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john clarkson pt3

by age concern st helens

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age concern st helens
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29 November 2004

WD Did you, what about gas, any gas precautions?
JC Yes we had gas masks but we hadn’t these has masks it was a lump of blanket with two goggles in and we used to call it a bap in your mouth. You sucked in and when you blew out you blew through this, we had that on and then had to dipped in disinfectant, that was stinking stuff and then wrung out and then given to you carried in a case that was supposed to be waterproof, pull it out and put it on, oh! That was nasty stuff, nasty stuff.

WD Did you have to go through a gas chamber?
JC Oh yes we went through a gas chamber, we pretty well touched everything.

WD Did you do any special training yourself I mean in machine gun or signalling or anything like that?
JC What I did was SOS, scouting, observing and sniping yes I wore a green badge, I was given two stripes.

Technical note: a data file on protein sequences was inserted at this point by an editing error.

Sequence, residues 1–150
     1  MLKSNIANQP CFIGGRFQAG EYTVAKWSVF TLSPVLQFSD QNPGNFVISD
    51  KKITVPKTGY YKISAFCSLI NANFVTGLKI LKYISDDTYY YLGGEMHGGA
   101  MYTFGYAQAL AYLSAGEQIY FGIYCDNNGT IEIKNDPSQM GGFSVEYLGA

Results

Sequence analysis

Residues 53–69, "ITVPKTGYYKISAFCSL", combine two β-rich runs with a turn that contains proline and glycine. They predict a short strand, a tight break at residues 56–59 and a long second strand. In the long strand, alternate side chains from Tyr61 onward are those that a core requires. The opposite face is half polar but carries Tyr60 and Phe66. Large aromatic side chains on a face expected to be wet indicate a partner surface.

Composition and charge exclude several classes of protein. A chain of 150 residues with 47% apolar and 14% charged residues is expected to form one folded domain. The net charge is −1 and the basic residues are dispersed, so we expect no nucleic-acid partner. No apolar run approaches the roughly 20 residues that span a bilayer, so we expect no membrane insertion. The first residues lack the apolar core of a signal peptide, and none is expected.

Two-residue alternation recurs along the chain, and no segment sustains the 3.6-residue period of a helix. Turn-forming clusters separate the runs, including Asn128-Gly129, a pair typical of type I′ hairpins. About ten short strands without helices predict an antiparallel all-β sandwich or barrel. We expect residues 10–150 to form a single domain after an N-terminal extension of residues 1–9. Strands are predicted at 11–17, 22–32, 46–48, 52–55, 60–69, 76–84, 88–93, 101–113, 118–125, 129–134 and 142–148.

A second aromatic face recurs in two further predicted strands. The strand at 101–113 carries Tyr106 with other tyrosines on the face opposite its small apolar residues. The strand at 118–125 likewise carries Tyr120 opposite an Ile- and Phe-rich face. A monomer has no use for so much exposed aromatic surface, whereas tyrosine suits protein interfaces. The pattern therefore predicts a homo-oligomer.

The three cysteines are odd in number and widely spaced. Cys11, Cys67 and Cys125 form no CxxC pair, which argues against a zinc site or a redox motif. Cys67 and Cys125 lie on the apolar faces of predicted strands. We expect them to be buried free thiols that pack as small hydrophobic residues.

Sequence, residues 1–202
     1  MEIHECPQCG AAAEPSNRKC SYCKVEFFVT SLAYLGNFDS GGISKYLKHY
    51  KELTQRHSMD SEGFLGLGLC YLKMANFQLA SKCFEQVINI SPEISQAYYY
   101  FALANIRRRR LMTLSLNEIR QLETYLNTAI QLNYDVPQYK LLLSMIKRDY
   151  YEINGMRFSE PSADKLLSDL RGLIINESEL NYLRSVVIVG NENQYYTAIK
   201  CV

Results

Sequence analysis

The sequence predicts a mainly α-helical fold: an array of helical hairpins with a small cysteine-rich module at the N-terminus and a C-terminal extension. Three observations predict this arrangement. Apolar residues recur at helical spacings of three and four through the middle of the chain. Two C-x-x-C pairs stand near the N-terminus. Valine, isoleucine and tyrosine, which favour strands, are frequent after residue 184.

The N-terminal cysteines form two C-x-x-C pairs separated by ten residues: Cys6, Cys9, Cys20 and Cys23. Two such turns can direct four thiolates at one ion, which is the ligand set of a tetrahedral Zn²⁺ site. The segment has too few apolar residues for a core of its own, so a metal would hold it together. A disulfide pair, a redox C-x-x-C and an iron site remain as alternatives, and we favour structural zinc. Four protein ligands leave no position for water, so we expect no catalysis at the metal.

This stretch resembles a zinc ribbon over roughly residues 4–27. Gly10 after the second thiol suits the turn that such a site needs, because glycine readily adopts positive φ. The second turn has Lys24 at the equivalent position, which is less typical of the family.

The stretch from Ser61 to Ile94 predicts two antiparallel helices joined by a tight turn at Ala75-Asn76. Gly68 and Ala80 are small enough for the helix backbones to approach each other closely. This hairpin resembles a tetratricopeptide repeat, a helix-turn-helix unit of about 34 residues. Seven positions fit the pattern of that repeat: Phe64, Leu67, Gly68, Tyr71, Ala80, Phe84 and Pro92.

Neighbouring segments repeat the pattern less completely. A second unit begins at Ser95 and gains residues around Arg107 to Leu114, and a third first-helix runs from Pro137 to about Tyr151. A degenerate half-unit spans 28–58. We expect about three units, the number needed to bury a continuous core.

WD And you did that at Codford, at Codford you practiced that. What was that then SOS, can you tell us about the training for that I’ve not heard of that before?
JC I was sent to another school then to be trained for this.

WD Where was this special training school?
JC It was not far from Codford, just outside Codford, only a small place and we were on map reading. I had to map read and different things out of the ordinary and we used to rail and be able to direct and instruct anybody to go wherever they wanted to go and we would trace it on the map and say you will do such a thing and you will go somewhere and you’ll turn and follow the bearings.

WD So what about the sniping, you practiced sniping?
JC Yes I practiced sniping, that’s where my good shooting came in.

WD How did you practice that?
JC When we were in the trenches they would instruct us to go out and make a place out there and watch him and pick him off when you saw him coming.

WD Hang on, I’ll be coming to that, but did you practice that at this school outside Codford, did they actually train you in it?